NC State to Lead Multi-institution Software Supply Chain Security Grant from NSF
NC State University is the lead institution on a $9 million, multi-institution National Science Foundation grant to research technical challenges in software supply chain security and to help build a diverse workforce for the software industry.
Modern software is vulnerable to malicious activity, and software professionals must address software supply chain attacks. This project establishes the Secure Software Supply Chain Center (S3C2), bringing together researchers, industry partners and government agencies to develop scientific tools, metrics, data formats, and methods to reduce risks with software.
Through education, outreach and training, the project will also foster a diverse workforce of technical leaders and practitioners capable of problem-solving in software supply chain models. Summer programs and new course modules will prepare current and future technical leaders and practitioners to build more secure software.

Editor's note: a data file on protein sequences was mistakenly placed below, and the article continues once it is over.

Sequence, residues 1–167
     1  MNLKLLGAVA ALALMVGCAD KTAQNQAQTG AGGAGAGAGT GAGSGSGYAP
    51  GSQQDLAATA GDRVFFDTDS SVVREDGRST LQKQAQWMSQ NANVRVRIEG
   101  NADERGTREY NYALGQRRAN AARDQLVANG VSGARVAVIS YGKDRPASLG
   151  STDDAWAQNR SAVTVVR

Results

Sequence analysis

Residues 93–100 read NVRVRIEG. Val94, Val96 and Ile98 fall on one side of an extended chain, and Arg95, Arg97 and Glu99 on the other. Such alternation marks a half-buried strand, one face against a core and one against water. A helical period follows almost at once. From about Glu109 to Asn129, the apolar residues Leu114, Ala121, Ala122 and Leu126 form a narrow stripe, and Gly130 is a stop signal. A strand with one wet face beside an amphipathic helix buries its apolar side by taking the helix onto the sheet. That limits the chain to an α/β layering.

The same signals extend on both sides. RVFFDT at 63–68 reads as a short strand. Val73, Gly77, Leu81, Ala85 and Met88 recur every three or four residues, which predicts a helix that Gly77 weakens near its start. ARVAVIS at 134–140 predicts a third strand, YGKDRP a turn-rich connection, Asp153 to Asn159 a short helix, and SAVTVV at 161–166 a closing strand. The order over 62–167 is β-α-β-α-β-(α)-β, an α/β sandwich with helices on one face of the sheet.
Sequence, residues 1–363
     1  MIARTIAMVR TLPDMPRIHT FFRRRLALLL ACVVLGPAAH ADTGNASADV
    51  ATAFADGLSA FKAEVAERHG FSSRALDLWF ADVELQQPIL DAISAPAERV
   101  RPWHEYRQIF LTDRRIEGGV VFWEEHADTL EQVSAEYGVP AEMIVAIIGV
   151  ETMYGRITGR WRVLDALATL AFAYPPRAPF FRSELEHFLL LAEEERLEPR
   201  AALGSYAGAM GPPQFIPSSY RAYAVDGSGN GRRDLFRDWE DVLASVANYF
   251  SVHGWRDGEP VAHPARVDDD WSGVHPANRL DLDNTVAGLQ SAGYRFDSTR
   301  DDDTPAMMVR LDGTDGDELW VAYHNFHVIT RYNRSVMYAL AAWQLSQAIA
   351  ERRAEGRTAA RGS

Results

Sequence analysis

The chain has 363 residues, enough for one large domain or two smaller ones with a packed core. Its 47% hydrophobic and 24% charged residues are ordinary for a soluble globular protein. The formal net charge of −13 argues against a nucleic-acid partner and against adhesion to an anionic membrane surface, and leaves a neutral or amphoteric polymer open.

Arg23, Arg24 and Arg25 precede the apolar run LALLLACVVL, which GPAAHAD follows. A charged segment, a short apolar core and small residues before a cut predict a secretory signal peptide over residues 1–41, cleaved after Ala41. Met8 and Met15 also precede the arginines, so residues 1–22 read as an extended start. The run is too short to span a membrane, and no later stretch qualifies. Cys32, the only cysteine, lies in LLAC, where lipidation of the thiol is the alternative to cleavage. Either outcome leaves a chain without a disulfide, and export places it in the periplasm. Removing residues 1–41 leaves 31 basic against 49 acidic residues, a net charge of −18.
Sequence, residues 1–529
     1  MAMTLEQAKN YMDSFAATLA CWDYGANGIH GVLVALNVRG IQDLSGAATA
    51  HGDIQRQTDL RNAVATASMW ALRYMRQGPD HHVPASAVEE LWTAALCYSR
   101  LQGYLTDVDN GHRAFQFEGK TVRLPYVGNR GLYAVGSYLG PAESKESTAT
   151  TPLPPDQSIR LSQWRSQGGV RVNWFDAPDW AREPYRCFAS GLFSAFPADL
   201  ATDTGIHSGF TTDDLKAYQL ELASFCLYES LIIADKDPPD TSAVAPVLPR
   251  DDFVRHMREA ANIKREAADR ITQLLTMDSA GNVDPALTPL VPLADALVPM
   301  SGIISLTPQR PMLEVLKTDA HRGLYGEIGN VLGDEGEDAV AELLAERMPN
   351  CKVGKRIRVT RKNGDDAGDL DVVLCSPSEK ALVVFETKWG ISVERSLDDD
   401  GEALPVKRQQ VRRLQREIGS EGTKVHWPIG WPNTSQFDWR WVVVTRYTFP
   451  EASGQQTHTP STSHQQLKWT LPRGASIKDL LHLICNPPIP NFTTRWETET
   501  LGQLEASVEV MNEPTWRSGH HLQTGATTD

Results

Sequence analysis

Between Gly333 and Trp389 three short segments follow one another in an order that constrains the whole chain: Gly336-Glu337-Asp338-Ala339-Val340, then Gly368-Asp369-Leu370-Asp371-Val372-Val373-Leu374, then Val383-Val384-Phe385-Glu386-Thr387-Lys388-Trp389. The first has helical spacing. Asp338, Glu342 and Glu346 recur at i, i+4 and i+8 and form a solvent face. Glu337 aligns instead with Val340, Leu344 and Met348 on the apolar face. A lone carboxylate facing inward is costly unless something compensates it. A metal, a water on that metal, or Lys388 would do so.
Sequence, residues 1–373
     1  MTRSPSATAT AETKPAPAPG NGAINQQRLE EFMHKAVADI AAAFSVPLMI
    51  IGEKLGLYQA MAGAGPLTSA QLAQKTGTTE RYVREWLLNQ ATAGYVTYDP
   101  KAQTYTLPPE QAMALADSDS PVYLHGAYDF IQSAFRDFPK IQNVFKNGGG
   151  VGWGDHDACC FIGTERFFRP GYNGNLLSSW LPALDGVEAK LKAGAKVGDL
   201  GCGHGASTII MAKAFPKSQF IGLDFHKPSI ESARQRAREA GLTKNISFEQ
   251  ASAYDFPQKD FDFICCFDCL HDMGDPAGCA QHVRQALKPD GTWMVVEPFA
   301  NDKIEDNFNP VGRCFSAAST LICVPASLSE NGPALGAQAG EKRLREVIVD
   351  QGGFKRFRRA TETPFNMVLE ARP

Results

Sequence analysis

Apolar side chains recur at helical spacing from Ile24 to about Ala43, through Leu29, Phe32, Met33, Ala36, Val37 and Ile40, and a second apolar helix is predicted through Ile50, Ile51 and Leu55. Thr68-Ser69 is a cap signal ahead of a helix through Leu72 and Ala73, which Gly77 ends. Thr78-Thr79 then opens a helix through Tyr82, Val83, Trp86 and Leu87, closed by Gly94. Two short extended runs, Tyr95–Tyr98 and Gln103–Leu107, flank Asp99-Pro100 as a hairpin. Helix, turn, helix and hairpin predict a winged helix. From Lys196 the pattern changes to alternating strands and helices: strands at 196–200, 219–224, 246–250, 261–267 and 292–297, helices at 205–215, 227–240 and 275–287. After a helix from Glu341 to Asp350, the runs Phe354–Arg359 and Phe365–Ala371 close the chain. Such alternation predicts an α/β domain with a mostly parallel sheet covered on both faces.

NC State has made a name for itself in cybersecurity and technology. The Secure Computing Institute has connected cybersecurity research and education efforts among NC State departments and throughout the Triangle area since its founding in 2019. It’s home to the North Carolina Partnership for Cybersecurity Excellence, in which universities, community colleges, public agencies and private businesses across the state collaborate through education, research, service and outreach to establish cybersecurity as an economic development tool. NC-PaCE received a $2 million grant from the National Centers of Academic Excellence in Cybersecurity last year.
The $9 million NSF grant. NC State was awarded $6 million as the lead institution. Other university partners include Carnegie Mellon University, The George Washington University and the University of Maryland College Park.